Tox - Some structs and functions to work with dates, times, periods, and intervals

Hello,
I have released Tox 0.1.0, a little library for working with DateTime, NaiveDateTime, Date, and Time. It also adds Tox-Period and Tox-Interval. My motivation was to have some date-time calculation functions that work with any time zone database and different calendars. So you can use Tox with TimeZoneInfo, Tz, and Tzdata.
For the tests and examples, I use the Calendar.ISO and the calendars Cldr.Calendar.Coptic, Cldr.Calendar.Ethiopic, and Cldr.Calendar.Persian implemented by @kip.

Some examples:

add:

iex> datetime = DateTime.from_naive!(~N[2020-07-19 12:00:00], "Europe/Berlin")
#DateTime<2020-07-19 12:00:00+02:00 CEST Europe/Berlin>
iex> Tox.DateTime.add(datetime, year: 1, month: 1, day: 1, hour: 1, minute: 1)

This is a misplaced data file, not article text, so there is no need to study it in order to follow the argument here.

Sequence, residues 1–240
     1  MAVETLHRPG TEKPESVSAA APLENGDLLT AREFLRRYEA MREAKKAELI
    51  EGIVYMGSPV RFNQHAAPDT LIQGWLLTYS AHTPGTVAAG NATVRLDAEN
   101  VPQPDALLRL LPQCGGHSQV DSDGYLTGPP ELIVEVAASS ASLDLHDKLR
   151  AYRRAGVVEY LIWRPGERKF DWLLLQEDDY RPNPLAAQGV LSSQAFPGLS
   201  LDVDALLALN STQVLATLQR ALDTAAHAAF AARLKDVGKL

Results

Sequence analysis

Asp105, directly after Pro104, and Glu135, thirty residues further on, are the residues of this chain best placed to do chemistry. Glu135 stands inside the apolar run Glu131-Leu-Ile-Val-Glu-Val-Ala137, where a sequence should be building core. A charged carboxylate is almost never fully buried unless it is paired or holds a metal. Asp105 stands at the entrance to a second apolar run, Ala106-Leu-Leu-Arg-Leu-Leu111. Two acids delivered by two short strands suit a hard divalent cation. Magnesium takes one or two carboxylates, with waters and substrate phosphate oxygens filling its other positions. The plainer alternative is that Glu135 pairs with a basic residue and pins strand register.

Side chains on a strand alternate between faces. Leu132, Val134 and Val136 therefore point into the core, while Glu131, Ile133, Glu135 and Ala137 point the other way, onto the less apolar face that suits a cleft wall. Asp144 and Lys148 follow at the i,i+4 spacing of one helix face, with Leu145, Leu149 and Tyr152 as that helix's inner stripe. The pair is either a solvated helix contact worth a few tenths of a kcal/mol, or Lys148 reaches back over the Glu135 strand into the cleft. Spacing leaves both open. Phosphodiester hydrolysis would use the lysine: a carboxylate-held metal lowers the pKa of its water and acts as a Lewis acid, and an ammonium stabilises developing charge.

#DateTime<2021-08-20 13:01:00+02:00 CEST Europe/Berlin>
iex> Tox.DateTime.add(datetime, year: -1, month: 1, day: 1, hour: 1, minute: 1)
#DateTime<2019-08-20 13:01:00+02:00 CEST Europe/Berlin>
iex> Tox.DateTime.add(datetime, week: 1)    
#DateTime<2020-07-26 12:00:00+02:00 CEST Europe/Berlin>

iex> datetime = DateTime.from_naive!(~N[2020-07-19 12:00:00], "Europe/Berlin") 
...> |> DateTime.convert!(Cldr.Calendar.Coptic)
#DateTime<1736-11-12 12:00:00+02:00 CEST Europe/Berlin Cldr.Calendar.Coptic>
iex> Tox.DateTime.add(datetime, month: 1)
#DateTime<1736-12-12 12:00:00+02:00 CEST Europe/Berlin Cldr.Calendar.Coptic>
iex> Tox.DateTime.add(datetime, month: 2)
#DateTime<1736-13-05 12:00:00+02:00 CEST Europe/Berlin Cldr.Calendar.Coptic>

iex> DateTime.from_naive(~N[2020-03-29 02:30:00], "Europe/Berlin")
{:gap, #DateTime<2020-03-29 01:59:59.999999+01:00 CET Europe/Berlin>,
 #DateTime<2020-03-29 03:00:00+02:00 CEST Europe/Berlin>}

iex> datetime = DateTime.from_naive!(~N[2020-03-29 01:30:00], "Europe/Berlin")
#DateTime<2020-03-29 01:30:00+01:00 CET Europe/Berlin>
iex> Tox.DateTime.add(datetime, hour: 1)
#DateTime<2020-03-29 03:30:00+02:00 CEST Europe/Berlin>

beginning_of_, end_of_:

iex> ~N[2020-07-12 11:12:13]
...> |> DateTime.from_naive!("America/Winnipeg")